A Good Lesson in Truth-Setting – Getting it Right is So Important, Because of the Power That is in a PhotographCategories: Photography 1 Comment
In this story in The New York Times by David Gonzalez, Paolo Pellegrin, a photographer who has won some very high awards this year seems to have manipulated at least one of his images to mean something a bit more than it really should. Especially with everything going around right now concerning gun control, it certainly seems that thew photographer may have had a political agenda with this photograph. And maybe that’s not bad – at a certain time and place. But in this instance, I think maybe the photographer did not completely do his job here.
One of the most interesting things about the story is the subject’s explanation of what happened. Especially where he says, “One of the first things I thought was that’s strange, asking us to do something. I’m a student, he’s Magnum. I not going to question him.” I think this is a very important and telling statement. We must always remember that the photographer has a lot of power. The power of persuasion and the power to portray our subjects and manipulate them. How will a photographer use that power? Sometimes for the better, and sometimes for the worse.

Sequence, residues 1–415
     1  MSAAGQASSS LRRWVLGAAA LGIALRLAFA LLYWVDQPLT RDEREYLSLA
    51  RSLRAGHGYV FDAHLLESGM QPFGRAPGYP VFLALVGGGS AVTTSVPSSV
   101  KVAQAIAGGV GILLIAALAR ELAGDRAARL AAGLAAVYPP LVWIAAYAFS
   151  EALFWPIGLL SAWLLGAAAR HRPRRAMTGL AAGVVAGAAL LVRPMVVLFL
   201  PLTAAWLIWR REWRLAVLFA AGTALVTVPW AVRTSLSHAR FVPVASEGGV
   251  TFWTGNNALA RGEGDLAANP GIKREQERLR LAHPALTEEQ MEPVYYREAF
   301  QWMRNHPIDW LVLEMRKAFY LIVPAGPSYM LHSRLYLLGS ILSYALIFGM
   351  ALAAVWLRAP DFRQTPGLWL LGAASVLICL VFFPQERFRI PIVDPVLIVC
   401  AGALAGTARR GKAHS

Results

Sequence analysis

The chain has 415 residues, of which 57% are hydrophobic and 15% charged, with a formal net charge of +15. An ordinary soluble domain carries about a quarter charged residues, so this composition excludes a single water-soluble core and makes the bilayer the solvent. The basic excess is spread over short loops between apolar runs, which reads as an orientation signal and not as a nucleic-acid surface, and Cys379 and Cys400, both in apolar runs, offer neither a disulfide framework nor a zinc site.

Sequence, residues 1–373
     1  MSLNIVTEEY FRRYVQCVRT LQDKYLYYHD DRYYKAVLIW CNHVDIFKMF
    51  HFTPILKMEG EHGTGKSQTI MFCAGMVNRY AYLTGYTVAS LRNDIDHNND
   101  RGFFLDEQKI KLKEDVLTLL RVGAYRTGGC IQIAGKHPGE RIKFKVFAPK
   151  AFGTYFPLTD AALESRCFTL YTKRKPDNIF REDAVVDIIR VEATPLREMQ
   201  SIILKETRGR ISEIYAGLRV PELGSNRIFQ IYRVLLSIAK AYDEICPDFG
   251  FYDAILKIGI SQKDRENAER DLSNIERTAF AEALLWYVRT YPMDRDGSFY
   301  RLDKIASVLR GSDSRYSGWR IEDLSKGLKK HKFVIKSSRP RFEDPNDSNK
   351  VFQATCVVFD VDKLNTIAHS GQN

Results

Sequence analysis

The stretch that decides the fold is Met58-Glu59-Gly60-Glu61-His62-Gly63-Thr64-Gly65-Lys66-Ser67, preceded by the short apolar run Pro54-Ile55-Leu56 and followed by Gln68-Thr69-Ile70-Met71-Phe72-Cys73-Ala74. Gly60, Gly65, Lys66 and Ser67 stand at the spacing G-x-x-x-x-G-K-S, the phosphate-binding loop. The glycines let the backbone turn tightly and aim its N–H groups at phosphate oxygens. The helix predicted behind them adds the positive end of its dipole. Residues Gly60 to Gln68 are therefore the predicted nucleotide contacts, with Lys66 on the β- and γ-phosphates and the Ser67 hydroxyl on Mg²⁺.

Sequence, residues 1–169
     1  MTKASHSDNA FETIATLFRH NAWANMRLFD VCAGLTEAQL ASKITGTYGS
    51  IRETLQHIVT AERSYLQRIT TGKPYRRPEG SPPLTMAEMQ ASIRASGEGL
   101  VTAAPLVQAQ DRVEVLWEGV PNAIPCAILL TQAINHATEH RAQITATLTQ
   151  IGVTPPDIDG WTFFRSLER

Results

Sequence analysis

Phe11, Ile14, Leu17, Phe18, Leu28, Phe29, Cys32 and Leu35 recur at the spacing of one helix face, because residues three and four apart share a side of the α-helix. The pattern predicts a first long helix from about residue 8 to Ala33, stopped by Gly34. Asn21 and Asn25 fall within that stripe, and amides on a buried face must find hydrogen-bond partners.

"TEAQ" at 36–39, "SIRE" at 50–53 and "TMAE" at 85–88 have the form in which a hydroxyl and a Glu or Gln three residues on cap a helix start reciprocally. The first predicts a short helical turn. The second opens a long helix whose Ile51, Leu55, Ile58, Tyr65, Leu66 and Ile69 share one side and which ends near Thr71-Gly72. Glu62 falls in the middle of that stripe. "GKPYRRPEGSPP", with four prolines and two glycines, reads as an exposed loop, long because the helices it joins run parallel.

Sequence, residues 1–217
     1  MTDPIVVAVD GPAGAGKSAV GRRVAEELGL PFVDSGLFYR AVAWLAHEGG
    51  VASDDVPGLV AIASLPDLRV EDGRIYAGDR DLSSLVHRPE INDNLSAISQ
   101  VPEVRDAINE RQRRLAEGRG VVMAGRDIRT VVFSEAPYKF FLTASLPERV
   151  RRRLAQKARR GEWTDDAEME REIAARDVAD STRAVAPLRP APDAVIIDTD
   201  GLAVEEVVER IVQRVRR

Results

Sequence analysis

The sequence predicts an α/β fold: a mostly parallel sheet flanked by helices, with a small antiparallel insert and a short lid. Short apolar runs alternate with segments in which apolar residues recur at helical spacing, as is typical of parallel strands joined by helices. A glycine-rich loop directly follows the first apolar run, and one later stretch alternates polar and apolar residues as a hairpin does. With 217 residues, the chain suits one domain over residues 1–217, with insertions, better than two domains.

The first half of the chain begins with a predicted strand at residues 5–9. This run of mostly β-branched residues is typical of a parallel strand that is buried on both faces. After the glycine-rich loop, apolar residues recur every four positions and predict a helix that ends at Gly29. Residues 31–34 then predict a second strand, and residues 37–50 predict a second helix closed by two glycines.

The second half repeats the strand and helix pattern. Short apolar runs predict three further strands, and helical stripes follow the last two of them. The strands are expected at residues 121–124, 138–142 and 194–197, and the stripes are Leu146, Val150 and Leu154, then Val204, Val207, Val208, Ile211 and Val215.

It’s one thing to move your subject(s) to a better background. It’s another to manipulate them in a way that portrays the exact opposite of what – or who – they are, which I believe has been done in this photo. There’s always a fine line a photographer must walk – the difference between making a good photograph by exaggerating certain parts of a photograph to make the truth more evident, and changing the way the subject is portrayed to change the identity and meaning of the subject completely.
For even more information, read the article linked below: